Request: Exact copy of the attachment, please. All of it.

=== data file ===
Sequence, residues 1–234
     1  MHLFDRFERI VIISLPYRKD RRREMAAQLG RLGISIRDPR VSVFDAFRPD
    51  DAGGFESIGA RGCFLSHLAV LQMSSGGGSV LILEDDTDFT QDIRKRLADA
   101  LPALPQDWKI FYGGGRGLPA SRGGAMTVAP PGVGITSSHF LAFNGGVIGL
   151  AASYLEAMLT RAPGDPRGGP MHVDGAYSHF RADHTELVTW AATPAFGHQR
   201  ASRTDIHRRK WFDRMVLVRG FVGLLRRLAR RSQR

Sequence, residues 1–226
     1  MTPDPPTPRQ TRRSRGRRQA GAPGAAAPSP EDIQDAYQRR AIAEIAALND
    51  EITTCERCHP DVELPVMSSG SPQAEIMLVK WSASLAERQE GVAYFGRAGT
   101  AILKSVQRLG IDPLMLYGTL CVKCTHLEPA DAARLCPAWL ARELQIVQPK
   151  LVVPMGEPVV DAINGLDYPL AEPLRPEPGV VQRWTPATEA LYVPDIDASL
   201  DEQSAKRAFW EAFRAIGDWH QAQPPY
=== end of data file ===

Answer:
Sequence, residues 1–234
     1  MHLFDRFERI VIISLPYRKD RRREMAAQLG RLGISIRDPR VSVFDAFRPD
    51  DAGGFESIGA RGCFLSHLAV LQMSSGGGSV LILEDDTDFT QDIRKRLADA
   101  LPALPQDWKI FYGGGRGLPA SRGGAMTVAP PGVGITSSHF LAFNGGVIGL
   151  AASYLEAMLT RAPGDPRGGP MHVDGAYSHF RADHTELVTW AATPAFGHQR
   201  ASRTDIHRRK WFDRMVLVRG FVGLLRRLAR RSQR

Sequence, residues 1–226
     1  MTPDPPTPRQ TRRSRGRRQA GAPGAAAPSP EDIQDAYQRR AIAEIAALND
    51  EITTCERCHP DVELPVMSSG SPQAEIMLVK WSASLAERQE GVAYFGRAGT
   101  AILKSVQRLG IDPLMLYGTL CVKCTHLEPA DAARLCPAWL ARELQIVQPK
   151  LVVPMGEPVV DAINGLDYPL AEPLRPEPGV VQRWTPATEA LYVPDIDASL
   201  DEQSAKRAFW EAFRAIGDWH QAQPPY